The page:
2. Putting people at the heart of biodiversity policy

The government aims to engage more people in biodiversity issues, increase awareness of the value of biodiversity and increase the number of people taking positive action.

Actions include:

  • Establishing a working group to consider how civil society organisations can help increase the number of people engaged in biodiversity issues
  • A new green areas designation empowering communities to protect local environments

The strategy also commits to taking better account of the values of biodiversity in public and private sector decision making through:

  • Consideration of nature’s value in all relevant Impact Assessments
  • Independent Natural Capital Committee, to advise Government and put the value of England’s natural capital at the heart of our economic thinking
  • Inclusion of natural capital in national accounts, alongside GDP
  • Support and guidance for businesses

The government also promises to develop new financing mechanisms to direct more funding towards the achievement of biodiversity outcomes. This includes:

  • Publishing an action plan in 2012 to expand schemes in which the provider of nature’s services is paid by the beneficiaries,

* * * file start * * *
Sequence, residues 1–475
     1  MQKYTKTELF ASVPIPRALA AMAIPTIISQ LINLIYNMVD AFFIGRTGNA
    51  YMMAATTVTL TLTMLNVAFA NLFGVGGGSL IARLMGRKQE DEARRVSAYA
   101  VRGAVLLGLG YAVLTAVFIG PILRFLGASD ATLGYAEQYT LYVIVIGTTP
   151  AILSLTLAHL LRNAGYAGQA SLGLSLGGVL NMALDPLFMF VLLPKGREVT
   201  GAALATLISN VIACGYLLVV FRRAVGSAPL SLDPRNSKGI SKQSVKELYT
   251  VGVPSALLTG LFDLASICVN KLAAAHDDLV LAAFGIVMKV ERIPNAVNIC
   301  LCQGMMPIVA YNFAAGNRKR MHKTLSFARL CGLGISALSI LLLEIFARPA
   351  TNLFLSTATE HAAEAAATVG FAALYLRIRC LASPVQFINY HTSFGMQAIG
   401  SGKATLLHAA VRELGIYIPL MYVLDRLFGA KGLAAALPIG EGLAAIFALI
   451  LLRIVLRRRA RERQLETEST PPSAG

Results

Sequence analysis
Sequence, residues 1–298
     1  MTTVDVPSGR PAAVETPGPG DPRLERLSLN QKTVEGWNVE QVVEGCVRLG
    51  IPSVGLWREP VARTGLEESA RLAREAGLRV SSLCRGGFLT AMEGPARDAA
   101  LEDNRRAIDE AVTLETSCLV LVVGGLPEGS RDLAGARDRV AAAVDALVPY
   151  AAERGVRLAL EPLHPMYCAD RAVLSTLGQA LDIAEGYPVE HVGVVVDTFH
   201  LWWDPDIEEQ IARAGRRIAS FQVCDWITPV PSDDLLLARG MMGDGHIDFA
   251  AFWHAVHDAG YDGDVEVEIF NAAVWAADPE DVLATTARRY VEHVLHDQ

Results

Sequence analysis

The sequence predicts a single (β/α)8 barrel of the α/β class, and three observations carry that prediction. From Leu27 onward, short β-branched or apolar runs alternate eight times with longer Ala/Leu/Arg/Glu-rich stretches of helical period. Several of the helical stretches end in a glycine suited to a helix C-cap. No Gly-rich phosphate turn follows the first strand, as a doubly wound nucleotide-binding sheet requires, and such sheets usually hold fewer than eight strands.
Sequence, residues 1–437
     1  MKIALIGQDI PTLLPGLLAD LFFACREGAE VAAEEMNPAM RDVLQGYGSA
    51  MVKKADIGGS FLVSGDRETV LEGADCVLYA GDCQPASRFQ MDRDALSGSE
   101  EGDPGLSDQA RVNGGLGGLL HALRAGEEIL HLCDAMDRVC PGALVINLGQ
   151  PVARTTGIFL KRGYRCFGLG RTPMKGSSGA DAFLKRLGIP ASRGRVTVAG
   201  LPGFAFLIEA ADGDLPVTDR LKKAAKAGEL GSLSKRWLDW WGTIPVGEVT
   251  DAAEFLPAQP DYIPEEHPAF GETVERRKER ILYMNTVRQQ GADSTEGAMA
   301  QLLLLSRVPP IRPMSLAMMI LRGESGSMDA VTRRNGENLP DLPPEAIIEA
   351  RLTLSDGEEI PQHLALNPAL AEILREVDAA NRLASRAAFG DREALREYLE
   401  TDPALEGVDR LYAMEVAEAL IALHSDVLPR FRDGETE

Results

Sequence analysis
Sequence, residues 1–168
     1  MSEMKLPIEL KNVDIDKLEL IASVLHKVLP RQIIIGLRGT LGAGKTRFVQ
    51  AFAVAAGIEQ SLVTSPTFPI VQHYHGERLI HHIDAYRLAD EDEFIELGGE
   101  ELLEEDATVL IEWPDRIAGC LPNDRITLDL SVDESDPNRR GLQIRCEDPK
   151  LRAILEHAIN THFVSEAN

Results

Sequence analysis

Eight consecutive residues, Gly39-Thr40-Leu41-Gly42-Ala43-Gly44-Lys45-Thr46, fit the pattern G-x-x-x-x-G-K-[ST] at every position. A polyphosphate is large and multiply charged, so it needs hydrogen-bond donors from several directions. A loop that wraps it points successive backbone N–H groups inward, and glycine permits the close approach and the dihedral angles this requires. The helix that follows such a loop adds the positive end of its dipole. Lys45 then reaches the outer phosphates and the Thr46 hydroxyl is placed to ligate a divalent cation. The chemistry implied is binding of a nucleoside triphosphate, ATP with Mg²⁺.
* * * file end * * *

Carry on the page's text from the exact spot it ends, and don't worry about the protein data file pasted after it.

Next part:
• Setting up of a business-led Ecosystem Markets Taskforce to review the opportunities for UK business from goods and services that value and protect nature’s services

3. Reducing environmental pressures

The strategy states that the government will integrate the consideration of biodiversity into those sectors and policy areas that have the greatest potential for direct influence.

These areas - and some of the corresponding actions set out in the strategy - are:

  • Agriculture – the government will maximise the contribution which Environmental Stewardship and the Woodland Grant Scheme makes towards ecological restoration. The strategy also commits to reforming the Common Agricultural Policy to achieve greater environmental benefits.
  • Forestry– the strategy commits to bringing a greater proportion of existing woodlands into sustainable management. The Forestry Commission and Natural England will also consider the role that Environmental Stewardship can provide to support farmers in conserving other ‘woody habitats’, such as field trees, parkland, hedges and patches of scrub scattered through the landscape, which are vital habitat for woodland wildlife.